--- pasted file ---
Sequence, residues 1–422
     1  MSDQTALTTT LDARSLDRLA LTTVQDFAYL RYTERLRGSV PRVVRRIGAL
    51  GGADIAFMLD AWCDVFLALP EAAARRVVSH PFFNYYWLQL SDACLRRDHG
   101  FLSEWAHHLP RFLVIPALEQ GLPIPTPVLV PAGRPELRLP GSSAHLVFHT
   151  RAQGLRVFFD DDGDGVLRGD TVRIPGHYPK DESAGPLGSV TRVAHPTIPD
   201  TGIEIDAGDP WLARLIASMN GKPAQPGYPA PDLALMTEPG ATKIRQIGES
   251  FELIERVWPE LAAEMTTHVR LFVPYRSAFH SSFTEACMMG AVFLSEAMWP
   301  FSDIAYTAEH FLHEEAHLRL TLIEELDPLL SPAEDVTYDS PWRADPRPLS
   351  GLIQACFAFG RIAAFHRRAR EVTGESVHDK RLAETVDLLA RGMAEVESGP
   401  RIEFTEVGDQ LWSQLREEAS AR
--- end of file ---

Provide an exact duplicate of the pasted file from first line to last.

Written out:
Sequence, residues 1–422
     1  MSDQTALTTT LDARSLDRLA LTTVQDFAYL RYTERLRGSV PRVVRRIGAL
    51  GGADIAFMLD AWCDVFLALP EAAARRVVSH PFFNYYWLQL SDACLRRDHG
   101  FLSEWAHHLP RFLVIPALEQ GLPIPTPVLV PAGRPELRLP GSSAHLVFHT
   151  RAQGLRVFFD DDGDGVLRGD TVRIPGHYPK DESAGPLGSV TRVAHPTIPD
   201  TGIEIDAGDP WLARLIASMN GKPAQPGYPA PDLALMTEPG ATKIRQIGES
   251  FELIERVWPE LAAEMTTHVR LFVPYRSAFH SSFTEACMMG AVFLSEAMWP
   301  FSDIAYTAEH FLHEEAHLRL TLIEELDPLL SPAEDVTYDS PWRADPRPLS
   351  GLIQACFAFG RIAAFHRRAR EVTGESVHDK RLAETVDLLA RGMAEVESGP
   401  RIEFTEVGDQ LWSQLREEAS AR